“Sound of My Voice” – Review by Laurie Coker

For me there has never been a curiosity regarding cults. I have followed news reports regarding mass suicides and watched at the Waco tragedy unfolded, but I can in no way understand the mindset of people who run or get involved and give themselves completely over to cults. The Sound of My Voice, which I saw at SXSW two years ago, did intrigue me a little when I read the write up, but as I sat and watched the film, I felt more bored than curious. Perhaps this was due in part to the film’s slow pacing, but ultimately, The Sound of my Voice, held no real interest to me. I wasted a trip from the heart of the festival to Alamo South for an hour and a half of nothing special.

The film stars Christopher Denham, Nicole Vicius and Brit Marling. Peter (Denham) and Lorna (Vicius) infiltrate a cult, lead by Maggie (Marling) a beautiful woman who claims to be from the future. They go in to find out how the cult works and Lorna actually, and Peter to a degree, falls prey to the brainwashing of Maggie and her followers. For the most part, in a nutshell, the pair, going in originally to study the cult, fall prey to it, especially Lorna and it is about that exciting.

Pacing presents a serious problem with The Sound of My Voice. The turtle could outrun (as opposed to outsmarting) the hare if the hare was this movie. White and fluffy, soft and annoyingly condescending, Maggie made me want to punch her in the face, and I am not prone to violence. The cult environment held no interest to me and I think anyone so weak as to buy in to the load of crud dished out in one, deserves the brainwash and this film exemplifies that.

Because Peter and Lorna, whose lives are revealed in flashbacks, are broken souls (and really who isn’t somewhat cracked in real life anyway), we are supposed to believe that they infiltrate the cult as research, but can’t help from falling into its hole. Trouble it is all so trite, unemotional and uneventful that I nearly fell asleep several times. Sure, SXSW is exhausting, but that matters not with good films and The Sound of My Voice simply is not a good film. It is amateurish and uninteresting, playing out like a poorly produced undergrad film project and not one deserving of a Fox Searchlight sponsorship.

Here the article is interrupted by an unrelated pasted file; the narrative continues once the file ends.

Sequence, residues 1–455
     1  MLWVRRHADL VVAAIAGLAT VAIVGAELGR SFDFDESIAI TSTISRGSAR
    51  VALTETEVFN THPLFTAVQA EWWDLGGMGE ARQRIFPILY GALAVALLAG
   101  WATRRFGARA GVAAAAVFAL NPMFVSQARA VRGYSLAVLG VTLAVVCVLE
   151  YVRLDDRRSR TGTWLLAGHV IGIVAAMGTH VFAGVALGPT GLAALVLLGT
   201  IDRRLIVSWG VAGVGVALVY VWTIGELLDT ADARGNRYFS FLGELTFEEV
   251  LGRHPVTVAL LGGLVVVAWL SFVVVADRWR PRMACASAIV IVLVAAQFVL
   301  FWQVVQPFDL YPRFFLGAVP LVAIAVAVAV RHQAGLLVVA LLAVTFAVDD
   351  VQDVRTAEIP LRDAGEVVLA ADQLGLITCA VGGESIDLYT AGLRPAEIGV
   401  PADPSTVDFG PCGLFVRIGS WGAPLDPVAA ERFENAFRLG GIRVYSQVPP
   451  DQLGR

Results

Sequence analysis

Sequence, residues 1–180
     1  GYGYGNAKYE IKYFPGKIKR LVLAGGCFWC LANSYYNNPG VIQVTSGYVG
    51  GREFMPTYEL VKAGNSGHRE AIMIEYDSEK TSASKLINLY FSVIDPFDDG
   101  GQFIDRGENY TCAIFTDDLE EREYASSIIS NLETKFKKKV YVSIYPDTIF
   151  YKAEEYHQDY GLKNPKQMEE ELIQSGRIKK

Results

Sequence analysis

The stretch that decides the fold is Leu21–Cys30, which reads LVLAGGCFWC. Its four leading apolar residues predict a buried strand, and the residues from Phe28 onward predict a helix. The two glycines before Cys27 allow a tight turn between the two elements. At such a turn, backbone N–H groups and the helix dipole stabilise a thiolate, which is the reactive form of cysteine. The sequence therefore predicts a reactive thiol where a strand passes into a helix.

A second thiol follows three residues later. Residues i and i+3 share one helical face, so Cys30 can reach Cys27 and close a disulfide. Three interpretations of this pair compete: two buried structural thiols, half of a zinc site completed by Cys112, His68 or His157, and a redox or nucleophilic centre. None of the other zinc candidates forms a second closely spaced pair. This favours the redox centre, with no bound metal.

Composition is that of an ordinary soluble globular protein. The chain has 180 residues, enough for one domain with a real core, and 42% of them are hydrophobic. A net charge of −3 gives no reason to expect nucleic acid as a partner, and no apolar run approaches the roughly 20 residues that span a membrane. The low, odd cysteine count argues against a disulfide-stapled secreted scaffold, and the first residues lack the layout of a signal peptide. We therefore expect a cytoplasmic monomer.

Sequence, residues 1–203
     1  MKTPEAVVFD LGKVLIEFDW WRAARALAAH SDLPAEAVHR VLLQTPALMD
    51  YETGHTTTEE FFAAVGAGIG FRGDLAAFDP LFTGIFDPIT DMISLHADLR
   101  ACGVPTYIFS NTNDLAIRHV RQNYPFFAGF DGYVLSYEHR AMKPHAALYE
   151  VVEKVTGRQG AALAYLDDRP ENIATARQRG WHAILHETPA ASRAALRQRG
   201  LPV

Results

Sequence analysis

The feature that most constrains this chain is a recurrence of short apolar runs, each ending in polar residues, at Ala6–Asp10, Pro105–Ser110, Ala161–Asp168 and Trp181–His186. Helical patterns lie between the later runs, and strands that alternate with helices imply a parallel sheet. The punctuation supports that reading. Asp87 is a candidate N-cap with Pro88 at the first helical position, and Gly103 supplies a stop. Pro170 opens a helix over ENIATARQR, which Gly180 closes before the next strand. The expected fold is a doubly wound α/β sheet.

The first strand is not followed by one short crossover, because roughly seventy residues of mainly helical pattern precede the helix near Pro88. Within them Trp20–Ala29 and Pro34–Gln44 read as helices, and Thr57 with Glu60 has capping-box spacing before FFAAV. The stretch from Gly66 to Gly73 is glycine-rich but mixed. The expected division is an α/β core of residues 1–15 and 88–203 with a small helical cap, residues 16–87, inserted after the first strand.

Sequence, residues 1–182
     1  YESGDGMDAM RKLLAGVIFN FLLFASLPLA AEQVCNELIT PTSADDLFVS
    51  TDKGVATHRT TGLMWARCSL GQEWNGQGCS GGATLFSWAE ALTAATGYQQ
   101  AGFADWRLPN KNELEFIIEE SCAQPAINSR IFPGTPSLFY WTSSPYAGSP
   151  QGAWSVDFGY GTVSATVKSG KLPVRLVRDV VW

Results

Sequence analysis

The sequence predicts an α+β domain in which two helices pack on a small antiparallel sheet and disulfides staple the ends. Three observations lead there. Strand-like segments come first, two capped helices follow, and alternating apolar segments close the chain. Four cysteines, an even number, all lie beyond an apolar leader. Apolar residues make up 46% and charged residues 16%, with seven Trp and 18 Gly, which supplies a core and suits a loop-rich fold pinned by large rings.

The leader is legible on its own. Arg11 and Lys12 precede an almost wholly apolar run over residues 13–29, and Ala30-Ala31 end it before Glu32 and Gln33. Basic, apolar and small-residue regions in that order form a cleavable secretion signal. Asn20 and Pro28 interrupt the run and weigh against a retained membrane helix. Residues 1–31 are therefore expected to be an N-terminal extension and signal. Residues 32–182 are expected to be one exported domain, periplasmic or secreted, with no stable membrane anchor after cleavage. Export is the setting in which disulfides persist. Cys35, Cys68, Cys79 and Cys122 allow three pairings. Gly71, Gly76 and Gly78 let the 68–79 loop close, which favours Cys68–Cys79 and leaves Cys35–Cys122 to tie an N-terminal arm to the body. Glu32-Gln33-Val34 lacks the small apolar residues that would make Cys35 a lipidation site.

It seems harsh, this review, but when I saw this film in 2011, I never, ever, ever imagined anyone would pick it up, nor did I think it would hit any mainstream theatre, but here it is over a year later, like a bad dream – one I thought would vanish upon waking (okay I did doze off a bit in the screening). Fox Searchlight invited me to a preview recently, and the sheer thought of seeing it again had me yawning and droopy-eyed. I can’t imagine why star/director Brit Marling did not model her film after far more extraordinary cults. There is nothing artsy, clever or remotely interesting about Maggie, or her crazy, uninspiring cult and what happens behind its doors.

Making matters worse, there are unexplained characters (an old woman and a young girl), strange undeveloped storylines and generally a hodgepodge of nothing. Maggie’s soft spoken megalomaniac musings do little to impress me, and because her story is ridiculous, no sane person should be impressed. I guess that is the point. Cult members typically lack sanity or sense. I am placing an F in my grade book. I somehow doubt Fox Searchlight will make its money on this one.  Anyone who buys into this arbitrary trip into inane nothingness needs to join a sect or some sort.

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